Definition of Hunter. Meaning of Hunter. Synonyms of Hunter
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Definition of Hunter
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Caterpillar hunterCaterpillar Cat"er*pil`lar, n. [OE. catyrpel, corrupted fr.
OF. chatepelouse, or cate pelue, fr. chate, F. chatte,
she-cat, fem. of chat, L. catus + L. pilosus hairy, or F.
pelu hairy, fr. L. pilus hair. See Cat, and Pile hair.]
1. (Zo["o]l.) The larval state of a butterfly or any
lepidopterous insect; sometimes, but less commonly, the
larval state of other insects, as the sawflies, which are
also called false caterpillars. The true caterpillars have
three pairs of true legs, and several pairs of abdominal
fleshy legs (prolegs) armed with hooks. Some are hairy,
others naked. They usually feed on leaves, fruit, and
succulent vegetables, being often very destructive, Many
of them are popularly called worms, as the cutworm,
cankerworm, army worm, cotton worm, silkworm.
2. (Bot.) A plant of the genus Scorpiurus, with pods
Caterpillar catcher, or Caterpillar eater (Zo["o]l.), a
bird belonging to the family of Shrikes, which feeds on
caterpillars. The name is also given to several other
Caterpillar hunter (Zo["o]l.), any species of beetles of
the genus Callosoma and other allied genera of the
family Carabid[ae] which feed habitually upon
caterpillars. Emmet hunterEmmet Em"met, n. [OE. emete, amete, AS. [ae]mete. See Ant.]
Emmet hunter (Zo["o]l.), the wryneck.
Head-hunter Head"-hunt`er, n.
A member of any tribe or race of savages who have the custom
of decapitating human beings and preserving their heads as
trophies. The Dyaks of Borneo are the most noted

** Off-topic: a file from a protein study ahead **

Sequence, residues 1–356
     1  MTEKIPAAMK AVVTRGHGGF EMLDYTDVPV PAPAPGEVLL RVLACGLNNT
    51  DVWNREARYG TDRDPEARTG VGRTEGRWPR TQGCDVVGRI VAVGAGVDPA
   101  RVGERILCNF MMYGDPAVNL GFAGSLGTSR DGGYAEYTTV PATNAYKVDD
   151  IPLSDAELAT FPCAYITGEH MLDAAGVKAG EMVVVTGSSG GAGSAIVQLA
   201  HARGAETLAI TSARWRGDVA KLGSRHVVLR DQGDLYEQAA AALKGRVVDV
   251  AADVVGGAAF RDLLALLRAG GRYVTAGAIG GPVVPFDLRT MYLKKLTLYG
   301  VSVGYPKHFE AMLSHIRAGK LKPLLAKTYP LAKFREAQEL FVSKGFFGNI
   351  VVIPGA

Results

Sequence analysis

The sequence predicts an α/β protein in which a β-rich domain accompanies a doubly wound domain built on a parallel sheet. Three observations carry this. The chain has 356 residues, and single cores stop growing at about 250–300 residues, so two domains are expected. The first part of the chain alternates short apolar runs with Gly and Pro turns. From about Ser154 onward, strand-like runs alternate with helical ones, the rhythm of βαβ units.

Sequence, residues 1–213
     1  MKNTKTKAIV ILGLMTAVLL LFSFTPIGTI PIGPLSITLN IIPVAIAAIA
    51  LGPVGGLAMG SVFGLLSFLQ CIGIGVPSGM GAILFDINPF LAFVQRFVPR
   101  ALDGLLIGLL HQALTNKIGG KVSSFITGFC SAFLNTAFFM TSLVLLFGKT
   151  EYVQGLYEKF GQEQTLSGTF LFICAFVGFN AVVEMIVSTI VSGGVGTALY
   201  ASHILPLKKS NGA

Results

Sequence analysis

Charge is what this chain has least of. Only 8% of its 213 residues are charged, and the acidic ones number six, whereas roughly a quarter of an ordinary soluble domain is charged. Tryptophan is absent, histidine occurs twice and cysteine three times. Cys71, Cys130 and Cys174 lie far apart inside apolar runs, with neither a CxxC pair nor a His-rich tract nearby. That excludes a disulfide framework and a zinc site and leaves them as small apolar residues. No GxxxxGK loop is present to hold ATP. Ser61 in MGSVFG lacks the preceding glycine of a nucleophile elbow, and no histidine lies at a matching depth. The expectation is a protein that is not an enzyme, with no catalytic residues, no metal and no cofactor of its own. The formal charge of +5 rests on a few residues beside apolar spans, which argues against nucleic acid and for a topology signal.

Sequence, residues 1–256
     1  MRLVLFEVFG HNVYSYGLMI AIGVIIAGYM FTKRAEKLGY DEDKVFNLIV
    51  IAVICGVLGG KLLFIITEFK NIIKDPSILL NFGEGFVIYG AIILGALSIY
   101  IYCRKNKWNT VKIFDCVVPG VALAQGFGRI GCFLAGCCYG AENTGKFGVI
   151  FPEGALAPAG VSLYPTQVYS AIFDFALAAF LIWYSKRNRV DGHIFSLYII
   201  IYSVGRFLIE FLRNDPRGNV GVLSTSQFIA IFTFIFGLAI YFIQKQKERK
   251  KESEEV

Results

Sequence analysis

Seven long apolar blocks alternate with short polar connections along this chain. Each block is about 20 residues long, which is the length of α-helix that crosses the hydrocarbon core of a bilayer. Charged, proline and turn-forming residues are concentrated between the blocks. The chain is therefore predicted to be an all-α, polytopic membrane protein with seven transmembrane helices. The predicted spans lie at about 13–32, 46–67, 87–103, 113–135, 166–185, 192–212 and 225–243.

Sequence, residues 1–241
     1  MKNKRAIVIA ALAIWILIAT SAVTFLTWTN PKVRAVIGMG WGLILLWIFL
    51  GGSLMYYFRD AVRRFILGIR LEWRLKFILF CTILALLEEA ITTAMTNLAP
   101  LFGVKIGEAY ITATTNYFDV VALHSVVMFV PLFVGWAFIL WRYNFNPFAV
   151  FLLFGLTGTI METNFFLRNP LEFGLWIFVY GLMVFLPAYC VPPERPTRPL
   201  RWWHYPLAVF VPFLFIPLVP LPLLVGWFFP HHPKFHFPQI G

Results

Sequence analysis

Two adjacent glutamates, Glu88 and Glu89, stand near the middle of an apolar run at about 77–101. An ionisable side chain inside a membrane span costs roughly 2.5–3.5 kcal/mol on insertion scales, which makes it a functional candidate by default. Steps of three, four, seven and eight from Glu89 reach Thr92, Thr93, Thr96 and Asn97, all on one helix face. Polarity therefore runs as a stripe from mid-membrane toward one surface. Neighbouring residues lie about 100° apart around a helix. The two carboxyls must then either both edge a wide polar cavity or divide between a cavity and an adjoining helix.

HunterianHunterian Hun*te"ri*an, a.
Discovered or described by John Hunter, an English surgeon;
as, the Hunterian chancre. See Chancre. Legacy hunterLegacy Leg"a*cy (l[e^]g"[.a]*s[y^]), n.; pl. Legacies
(-s[i^]z). [L. (assumed) legatia, for legatum, from legare to
appoint by last will, to bequeath as a legacy, to depute: cf.
OF. legat legacy. See Legate.]
1. A gift of property by will, esp. of money or personal
property; a bequest. Also Fig.; as, a legacy of dishonor
2. A business with which one is intrusted by another; a
commission; -- obsolete, except in the phrases last
legacy, dying legacy, and the like.
My legacy and message wherefore I am sent into the
He came and told his legacy. --Chapman.
Legacy duty, a tax paid to government on legacies.
Legacy hunter, one who flatters and courts any one for the
sake of a legacy. Locust hunterLocust Lo"cust, n. [L. locusta locust, grasshopper. Cf.
1. (Zo["o]l.) Any one of numerous species of long-winged,
migratory, orthopterous insects, of the family
Acridid[ae], allied to the grasshoppers; esp.,
(Edipoda, or Pachytylus, migratoria, and Acridium
perigrinum, of Southern Europe, Asia, and Africa. In the
United States the related species with similar habits are
usually called grasshoppers. See Grasshopper.
Note: These insects are at times so numerous in Africa and
the south of Asia as to devour every green thing; and
when they migrate, they fly in an immense cloud. In the
United States the harvest flies are improperly called